FOI Advocate News Blog

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The NFOIC open government blog is a compendium of original concepts and analysis as well as ideas, edited excerpts and materials from a variety of sources. When the information comes from another source, we will attribute it and provide a link. The blog relies on the accuracy and integrity of the original sources cited; we will correct errors and inaccuracies when we become aware of them.

For Advocate posts prior to July, 2011, visit http://foiadvocate.blogspot.com/.
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February 6, 2015 1:09 PM

Governor Rick Scott is getting pressure from media organizations and open-government advocates who filed a lawsuit over the ouster of Florida’s top cop.

The lawsuit alleges the handling of the forced resignation of the state’s top law-enforcement officer violated the Sunshine Law and is calling for an independent investigation.

The two separate moves came ahead of a Thursday meeting in Tampa, where Scott, Agriculture Commissioner Adam Putnam, Chief Financial Officer Jeff Atwater and Attorney General Pam Bondi are set to discuss new steps for hiring and reviewing agency heads. Continue>>>
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February 6, 2015 12:22 PM

Both Republican and Democrat are motivated by concern about public trust - and efficiency. Reps. Darrell Issa of California and Elijah E. Cummings of Maryland - also a ranking member of the House Committee on Oversight and Government Reform - have introduced legislation to shore up the Freedom of Information Act, simply known as “FOIA” among journalists seeking information.

The FOIA Oversight and Implementation Act of 2015 would “establish a presumption of openness” in America, while improving electronic accessibility for pertinent information, the lawmakers say.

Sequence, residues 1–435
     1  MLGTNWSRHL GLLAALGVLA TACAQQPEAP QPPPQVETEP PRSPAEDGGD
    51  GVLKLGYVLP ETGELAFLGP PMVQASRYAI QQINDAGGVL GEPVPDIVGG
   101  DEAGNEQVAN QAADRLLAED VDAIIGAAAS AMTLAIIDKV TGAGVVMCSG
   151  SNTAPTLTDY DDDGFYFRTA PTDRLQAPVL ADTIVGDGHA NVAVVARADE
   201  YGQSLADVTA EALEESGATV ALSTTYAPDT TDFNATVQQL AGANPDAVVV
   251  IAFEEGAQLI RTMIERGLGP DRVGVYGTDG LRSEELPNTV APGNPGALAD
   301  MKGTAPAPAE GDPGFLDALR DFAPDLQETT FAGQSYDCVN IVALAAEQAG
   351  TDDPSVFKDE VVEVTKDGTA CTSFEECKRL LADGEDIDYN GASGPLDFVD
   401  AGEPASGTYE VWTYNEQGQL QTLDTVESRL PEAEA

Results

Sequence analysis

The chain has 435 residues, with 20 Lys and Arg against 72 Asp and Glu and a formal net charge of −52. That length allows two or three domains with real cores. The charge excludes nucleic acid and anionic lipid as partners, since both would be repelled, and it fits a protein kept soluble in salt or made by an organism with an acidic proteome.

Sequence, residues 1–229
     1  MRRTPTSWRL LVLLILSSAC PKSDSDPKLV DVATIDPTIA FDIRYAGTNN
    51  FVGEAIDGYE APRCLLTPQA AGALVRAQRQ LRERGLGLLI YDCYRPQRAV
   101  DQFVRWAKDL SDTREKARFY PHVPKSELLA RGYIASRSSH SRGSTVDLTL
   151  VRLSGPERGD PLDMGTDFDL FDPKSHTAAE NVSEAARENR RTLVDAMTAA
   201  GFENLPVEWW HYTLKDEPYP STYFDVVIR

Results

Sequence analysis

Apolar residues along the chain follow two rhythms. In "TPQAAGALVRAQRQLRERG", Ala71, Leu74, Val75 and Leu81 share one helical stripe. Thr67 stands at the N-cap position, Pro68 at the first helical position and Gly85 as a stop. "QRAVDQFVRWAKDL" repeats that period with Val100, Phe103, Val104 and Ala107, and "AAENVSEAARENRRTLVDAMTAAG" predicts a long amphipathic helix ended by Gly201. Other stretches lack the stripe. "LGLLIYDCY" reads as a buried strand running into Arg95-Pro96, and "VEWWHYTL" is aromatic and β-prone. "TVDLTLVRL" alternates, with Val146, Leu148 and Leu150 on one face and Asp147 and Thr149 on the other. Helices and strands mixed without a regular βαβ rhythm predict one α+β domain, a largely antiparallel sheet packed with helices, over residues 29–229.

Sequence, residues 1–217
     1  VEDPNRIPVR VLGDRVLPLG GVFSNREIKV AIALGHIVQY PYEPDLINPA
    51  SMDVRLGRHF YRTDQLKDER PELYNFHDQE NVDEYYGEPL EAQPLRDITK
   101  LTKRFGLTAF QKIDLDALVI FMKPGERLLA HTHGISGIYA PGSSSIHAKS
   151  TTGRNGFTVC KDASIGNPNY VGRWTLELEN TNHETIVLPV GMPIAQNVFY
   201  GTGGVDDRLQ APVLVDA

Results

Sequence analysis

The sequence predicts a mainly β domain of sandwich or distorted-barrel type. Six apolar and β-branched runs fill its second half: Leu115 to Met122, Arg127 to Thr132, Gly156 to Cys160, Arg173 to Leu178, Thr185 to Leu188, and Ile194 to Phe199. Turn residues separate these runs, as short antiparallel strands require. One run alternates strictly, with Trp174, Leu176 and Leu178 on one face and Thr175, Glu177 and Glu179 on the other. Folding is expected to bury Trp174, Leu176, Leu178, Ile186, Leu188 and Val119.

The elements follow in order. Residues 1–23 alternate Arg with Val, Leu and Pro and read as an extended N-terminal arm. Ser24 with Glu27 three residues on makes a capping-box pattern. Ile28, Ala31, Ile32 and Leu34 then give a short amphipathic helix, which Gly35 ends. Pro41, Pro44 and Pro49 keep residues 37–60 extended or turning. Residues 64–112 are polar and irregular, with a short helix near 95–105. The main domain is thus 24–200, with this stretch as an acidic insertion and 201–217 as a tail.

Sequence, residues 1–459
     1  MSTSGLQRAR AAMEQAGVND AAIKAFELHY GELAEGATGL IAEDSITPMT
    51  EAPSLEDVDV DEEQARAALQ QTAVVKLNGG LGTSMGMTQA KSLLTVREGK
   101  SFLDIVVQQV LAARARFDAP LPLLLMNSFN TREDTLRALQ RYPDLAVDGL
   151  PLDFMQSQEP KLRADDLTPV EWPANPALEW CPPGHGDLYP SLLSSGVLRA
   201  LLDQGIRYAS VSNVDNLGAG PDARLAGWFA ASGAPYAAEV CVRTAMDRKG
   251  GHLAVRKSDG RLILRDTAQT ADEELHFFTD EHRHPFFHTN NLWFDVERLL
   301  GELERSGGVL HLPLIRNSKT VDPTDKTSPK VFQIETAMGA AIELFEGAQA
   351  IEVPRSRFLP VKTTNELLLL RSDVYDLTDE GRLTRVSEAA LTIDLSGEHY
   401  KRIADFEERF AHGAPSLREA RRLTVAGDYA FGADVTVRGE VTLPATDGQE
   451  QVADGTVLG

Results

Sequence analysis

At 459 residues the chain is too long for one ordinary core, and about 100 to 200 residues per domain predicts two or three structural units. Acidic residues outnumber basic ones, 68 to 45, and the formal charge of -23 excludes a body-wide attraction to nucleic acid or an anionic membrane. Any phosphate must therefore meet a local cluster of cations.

“At a time when the American people’s trust in the federal government is at an all-time low, we must strengthen and refine our laws that enable transparency and openness in government,” says Mr.Issa. “Requests through the Freedom of Information Act remain the best tool for the American people to hold their government accountable. In this information technology driven era, it should be easier, not harder for citizens to have simpler and broader access to government information.” Continue>>>
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February 6, 2015 12:16 PM

Connecticut Gov. Dan Malloy, Lt. Gov. Nancy Wyman and state Comptroller Kevin Lembo — a card carrying FOI advocate — have signed the Freedom of Information Pledge proffered by the nonprofit advocacy group Connecticut Council on Freedom of Information. It took several weeks for Malloy to decide to sign on. Lembo asked immediately, “where do I sign?”

But too few have.

Only 24 of 187 state legislators (about 12 percent) have signed the pledge, initially issued last October during the election campaign and again last month. None of the top leaders of either house have signed, though some key veteran state senators and representatives have. Continue>>>
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February 5, 2015 1:43 PM

Knowledge is power, but it can also be profitable. According to a recent study by academics at the Robert H. Smith School of Business at the University of Maryland, Hedge Funds are using Freedom of Information Act (FOIA) requests to get access to information that frequently leads to trading profits.

Most people associate the Freedom of Information Act (FOIA) with investigative reporters looking for a story, not Wall Street hedge funds. However, it turns out that FOIA requests regarding government interactions wiith drug companies are another method for professional investors to get an edge according to a new study by Univ. of Maryland academics Alberto G. Rossi and Russ Wermers, as well as coauthor Antonio Gargano from the University of Melbourne.